So I had this plan to review Bayonetta 2 for the Wii U, I finished the game, enjoyed it, but wasn’t blown away by it. All due respect to other news outlets, but there’s no way in hell the game is a 10/10. Well that was last week, and since it came with the original game, I figured I could play it more or less for context. I think I got in over my head somewhere along the line because now the line is blurring between the original and the sequel, so I thought I’d give my thoughts on the Bayonetta experience as a whole, rather than giving a review of the second.
First off a confession: I’m not really a fan of Platinum Games. I know they came from Clover Studios which was a division of Capcom. I couldn’t get into Viewtuful Joe or Okami, Mad World just got too repetitive and Wonderful 101 was more confusing than anything. I can’t say that any of these are “bad” games, just that for whatever reason, I didn’t like how they were put together. I’m personally not a fan of “over the top” kind of themes (hence why I’ve never been a Tarantino fan), and anything that’s grinding or repetitive tends to turn me off as well. Pacing is an issue for me, I like to be able to play a game for a longer period of time, much like yelling in music, it loses its effect if it’s overdone.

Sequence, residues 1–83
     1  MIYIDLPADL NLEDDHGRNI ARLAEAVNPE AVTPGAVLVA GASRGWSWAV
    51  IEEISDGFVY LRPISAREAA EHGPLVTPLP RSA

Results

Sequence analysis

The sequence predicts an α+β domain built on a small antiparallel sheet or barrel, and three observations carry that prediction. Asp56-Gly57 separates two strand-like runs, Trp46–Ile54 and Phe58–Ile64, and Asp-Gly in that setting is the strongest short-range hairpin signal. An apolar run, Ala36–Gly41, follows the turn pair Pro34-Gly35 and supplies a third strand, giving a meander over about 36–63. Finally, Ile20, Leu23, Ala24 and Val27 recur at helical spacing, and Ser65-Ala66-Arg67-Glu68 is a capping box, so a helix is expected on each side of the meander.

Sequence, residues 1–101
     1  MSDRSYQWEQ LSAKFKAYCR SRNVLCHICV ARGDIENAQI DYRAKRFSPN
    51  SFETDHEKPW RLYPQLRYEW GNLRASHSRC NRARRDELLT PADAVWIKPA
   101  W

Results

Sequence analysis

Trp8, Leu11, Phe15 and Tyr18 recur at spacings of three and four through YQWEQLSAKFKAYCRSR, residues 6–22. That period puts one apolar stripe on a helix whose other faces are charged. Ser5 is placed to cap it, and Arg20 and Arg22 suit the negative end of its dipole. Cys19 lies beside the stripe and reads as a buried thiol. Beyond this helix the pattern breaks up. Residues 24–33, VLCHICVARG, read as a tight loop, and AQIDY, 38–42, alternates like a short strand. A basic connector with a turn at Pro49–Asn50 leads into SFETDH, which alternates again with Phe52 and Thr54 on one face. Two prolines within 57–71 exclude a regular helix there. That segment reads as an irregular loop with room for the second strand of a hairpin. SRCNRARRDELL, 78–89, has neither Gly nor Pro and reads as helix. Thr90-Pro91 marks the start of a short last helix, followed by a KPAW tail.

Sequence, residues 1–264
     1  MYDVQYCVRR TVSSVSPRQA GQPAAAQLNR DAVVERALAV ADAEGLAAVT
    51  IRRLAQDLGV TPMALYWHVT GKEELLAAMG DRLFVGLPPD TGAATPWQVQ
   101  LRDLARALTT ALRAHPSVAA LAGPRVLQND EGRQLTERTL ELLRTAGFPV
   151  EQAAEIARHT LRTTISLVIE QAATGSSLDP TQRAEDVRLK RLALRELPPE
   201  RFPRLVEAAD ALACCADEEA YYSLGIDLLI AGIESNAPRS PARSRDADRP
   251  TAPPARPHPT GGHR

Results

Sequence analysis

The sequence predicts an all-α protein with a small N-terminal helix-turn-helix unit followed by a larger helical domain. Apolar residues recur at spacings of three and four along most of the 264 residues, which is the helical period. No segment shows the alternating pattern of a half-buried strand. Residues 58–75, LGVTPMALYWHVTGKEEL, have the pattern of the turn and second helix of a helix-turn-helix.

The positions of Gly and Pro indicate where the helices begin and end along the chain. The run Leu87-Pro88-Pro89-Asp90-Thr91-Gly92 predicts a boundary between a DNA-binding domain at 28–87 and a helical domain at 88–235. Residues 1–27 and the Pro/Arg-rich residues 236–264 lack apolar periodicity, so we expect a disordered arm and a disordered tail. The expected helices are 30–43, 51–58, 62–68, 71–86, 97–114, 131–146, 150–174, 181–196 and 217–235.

So knowing all that, why did I try the game? Well, any game that gets a 10 in a review catches my eye. I didn’t exactly expect to agree, but there had to be something interesting about the game to get a reviewers highest recommendation. In my book a 10 is not a perfect game, but rather a game that is as well made as it can be, a game that even if you aren’t usually a fan of a genre or style that it can still win you over. Also the game dropped to $40 and I’m collecting for Wii U, sue me.
So what do I think of them? Well it’s complicated, but I thought I’d start with the theme. As someone who has been gaming for a long time I must say I found Bayonetta’s religious themes rather interesting. All too often we see the same military, or horror themes, not that there’s anything inherently wrong with using a common theme, but to have something that tries to do things differently is always welcome. The closest game I could compare to Bayonetta is El Shaddai: Ascension of the Metaron, which, if you’ve never played is more “out there” than it is over the top. You are constantly attacked by angelic creatures (who are somehow evil?) and you must defeat them with your witch powers. Said powers using your hair for special attacks and forming beats to eat the angels, turning into other animals and acrobatic feats. It’s pretty obvious the developers were going for the wow factor and in many regards they accomplished their mission.